1. Richard married three times. His first and second marriages were in the Catholic Church. His third marriage was before the Justice of the Peace. The families would have approved of Richard for marriage. I can only imagine the known father’s handing off their daughter in marriage to Richard by consent. He was a family man. He walked the children home from school.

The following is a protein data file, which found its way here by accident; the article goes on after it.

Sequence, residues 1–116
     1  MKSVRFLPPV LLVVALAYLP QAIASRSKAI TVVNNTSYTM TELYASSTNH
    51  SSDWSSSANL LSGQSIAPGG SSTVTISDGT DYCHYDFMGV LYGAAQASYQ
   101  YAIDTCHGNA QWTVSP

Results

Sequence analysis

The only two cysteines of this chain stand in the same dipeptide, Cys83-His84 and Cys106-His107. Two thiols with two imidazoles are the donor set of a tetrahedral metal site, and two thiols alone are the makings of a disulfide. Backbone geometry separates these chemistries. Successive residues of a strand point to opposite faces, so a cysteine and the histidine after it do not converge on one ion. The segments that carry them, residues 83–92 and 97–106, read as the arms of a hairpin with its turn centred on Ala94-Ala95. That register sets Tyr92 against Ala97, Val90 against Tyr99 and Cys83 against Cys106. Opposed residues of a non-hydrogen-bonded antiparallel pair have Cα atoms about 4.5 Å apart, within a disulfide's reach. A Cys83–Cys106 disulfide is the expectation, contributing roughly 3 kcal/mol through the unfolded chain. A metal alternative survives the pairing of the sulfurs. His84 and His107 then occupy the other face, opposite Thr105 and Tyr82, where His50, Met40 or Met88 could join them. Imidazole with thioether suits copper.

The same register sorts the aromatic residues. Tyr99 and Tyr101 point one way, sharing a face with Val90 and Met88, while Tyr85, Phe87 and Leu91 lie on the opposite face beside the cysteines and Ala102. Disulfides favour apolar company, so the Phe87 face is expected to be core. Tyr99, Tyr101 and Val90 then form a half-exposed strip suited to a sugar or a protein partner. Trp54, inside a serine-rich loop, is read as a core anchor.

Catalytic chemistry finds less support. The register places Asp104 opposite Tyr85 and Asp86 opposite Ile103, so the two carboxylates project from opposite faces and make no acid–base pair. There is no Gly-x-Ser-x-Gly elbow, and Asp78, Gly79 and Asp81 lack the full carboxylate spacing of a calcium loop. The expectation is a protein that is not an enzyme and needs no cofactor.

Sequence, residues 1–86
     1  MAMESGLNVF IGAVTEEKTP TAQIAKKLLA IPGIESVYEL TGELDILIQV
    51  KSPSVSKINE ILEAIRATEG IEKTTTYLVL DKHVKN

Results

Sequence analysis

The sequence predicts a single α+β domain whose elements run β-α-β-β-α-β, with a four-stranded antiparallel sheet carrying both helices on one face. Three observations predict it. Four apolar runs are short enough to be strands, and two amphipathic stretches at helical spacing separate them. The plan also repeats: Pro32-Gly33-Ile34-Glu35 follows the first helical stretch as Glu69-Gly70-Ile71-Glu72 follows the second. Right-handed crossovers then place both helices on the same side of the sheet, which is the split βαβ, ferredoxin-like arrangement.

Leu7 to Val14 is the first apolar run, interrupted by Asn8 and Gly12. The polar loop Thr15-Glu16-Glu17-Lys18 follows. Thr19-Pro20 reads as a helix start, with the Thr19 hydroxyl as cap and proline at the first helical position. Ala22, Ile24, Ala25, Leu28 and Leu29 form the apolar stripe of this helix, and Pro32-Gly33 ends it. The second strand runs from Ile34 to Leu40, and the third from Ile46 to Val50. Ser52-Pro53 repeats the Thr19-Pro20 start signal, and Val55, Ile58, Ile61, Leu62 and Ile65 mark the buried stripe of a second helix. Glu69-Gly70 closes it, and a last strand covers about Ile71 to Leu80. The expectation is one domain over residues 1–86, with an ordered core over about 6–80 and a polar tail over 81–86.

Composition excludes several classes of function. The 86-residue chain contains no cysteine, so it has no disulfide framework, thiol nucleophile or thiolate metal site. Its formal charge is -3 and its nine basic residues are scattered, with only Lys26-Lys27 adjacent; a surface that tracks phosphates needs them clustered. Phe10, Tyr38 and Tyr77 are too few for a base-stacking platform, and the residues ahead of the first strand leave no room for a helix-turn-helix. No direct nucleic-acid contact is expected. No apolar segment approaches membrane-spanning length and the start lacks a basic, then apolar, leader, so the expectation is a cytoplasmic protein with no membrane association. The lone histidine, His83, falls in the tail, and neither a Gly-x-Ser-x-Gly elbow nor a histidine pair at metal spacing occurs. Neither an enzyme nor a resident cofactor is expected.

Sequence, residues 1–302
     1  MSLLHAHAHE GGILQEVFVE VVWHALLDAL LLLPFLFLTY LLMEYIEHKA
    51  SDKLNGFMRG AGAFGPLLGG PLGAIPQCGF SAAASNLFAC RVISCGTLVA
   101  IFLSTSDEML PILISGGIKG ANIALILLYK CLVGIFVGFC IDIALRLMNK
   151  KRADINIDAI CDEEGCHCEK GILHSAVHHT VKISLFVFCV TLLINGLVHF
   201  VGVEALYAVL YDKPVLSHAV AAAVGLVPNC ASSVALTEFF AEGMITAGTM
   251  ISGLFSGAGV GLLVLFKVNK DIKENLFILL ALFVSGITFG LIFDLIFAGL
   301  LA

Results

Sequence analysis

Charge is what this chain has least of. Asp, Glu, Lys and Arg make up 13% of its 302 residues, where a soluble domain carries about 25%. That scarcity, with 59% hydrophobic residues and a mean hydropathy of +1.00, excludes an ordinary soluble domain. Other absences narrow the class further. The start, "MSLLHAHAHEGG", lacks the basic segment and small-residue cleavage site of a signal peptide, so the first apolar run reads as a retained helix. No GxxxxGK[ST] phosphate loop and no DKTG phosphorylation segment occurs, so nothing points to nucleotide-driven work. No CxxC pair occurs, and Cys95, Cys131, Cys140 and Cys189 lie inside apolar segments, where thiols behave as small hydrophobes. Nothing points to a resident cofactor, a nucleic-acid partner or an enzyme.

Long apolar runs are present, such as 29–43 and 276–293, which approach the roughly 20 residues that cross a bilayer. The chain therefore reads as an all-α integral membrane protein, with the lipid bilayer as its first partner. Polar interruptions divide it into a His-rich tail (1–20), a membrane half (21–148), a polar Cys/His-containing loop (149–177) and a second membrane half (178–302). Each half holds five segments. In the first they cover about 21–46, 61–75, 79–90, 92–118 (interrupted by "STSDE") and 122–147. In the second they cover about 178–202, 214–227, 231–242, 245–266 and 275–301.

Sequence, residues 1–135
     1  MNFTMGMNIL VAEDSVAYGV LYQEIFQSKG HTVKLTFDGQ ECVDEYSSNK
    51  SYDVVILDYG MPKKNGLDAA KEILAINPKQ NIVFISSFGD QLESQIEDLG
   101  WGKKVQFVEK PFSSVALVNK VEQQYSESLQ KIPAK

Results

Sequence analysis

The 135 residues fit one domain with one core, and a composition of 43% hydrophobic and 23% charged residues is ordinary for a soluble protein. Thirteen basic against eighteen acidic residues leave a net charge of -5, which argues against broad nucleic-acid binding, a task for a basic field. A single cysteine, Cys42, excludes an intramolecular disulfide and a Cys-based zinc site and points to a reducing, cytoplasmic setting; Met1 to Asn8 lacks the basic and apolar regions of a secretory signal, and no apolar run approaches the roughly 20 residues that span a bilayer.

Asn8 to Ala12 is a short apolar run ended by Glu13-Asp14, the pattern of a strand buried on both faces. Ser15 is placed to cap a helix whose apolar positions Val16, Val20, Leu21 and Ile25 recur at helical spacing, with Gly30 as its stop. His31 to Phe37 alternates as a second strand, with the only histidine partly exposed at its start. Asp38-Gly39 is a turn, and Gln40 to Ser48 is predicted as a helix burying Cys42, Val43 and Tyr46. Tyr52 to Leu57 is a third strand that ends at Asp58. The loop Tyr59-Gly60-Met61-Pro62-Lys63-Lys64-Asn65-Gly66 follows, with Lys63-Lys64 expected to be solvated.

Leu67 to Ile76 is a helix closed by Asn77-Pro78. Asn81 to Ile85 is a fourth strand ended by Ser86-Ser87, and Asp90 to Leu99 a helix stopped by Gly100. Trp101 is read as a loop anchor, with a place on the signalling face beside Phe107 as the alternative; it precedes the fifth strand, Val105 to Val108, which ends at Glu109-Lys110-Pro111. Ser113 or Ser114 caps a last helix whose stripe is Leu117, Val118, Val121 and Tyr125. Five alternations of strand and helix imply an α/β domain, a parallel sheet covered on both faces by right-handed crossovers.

2. Judge Primm was a prominent Judge in St. Louis who grew up with Richard. Judge Primm speaks to Richard about 1864, not long after the conviction, and has a “strong impression of his innocence of the crime laid to his charge” and that for a period of two years that impression only strengthened. Primm also says that he learned that Richard’s story, “never, under and circumstance, varied in the least.” Richard is a truthful person. Primm shares that Richard started his life as a “waif” as an unrecognized illegitimate child, only to live a different life having “contracted a legitimate alliance and having legitimate children.” Richard was ambitious to lead a better life. Judge Primm describes Richard in his childhood as “with a willingness to work and with a kindness of disposition which made him even ever ready to give a helping hand to those in need. Strong and able bodied, he was gentle as a child, and would invariably avoid collision or dispute with anyone, however physically inferior to himself.” Judge Primm continues “This innocent and unoffending character is that now universally given to Zico, by all the old inhabitants of this place who knew him, and there is not one of them who is willing to believe, howevermuch soever circumstances may be against him, that he is guilty of the murder.”